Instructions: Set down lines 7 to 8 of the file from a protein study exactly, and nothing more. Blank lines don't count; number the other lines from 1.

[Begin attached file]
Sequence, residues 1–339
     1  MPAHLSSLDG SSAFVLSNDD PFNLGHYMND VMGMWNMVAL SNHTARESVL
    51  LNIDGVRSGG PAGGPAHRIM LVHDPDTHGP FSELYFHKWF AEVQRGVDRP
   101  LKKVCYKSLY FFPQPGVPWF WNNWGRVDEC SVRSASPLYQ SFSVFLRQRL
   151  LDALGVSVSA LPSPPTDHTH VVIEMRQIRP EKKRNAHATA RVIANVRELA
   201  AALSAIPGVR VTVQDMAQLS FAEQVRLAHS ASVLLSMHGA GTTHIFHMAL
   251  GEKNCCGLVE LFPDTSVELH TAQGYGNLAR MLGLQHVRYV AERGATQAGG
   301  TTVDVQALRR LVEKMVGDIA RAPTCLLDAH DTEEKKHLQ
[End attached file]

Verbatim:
   251  GEKNCCGLVE LFPDTSVELH TAQGYGNLAR MLGLQHVRYV AERGATQAGG
   301  TTVDVQALRR LVEKMVGDIA RAPTCLLDAH DTEEKKHLQ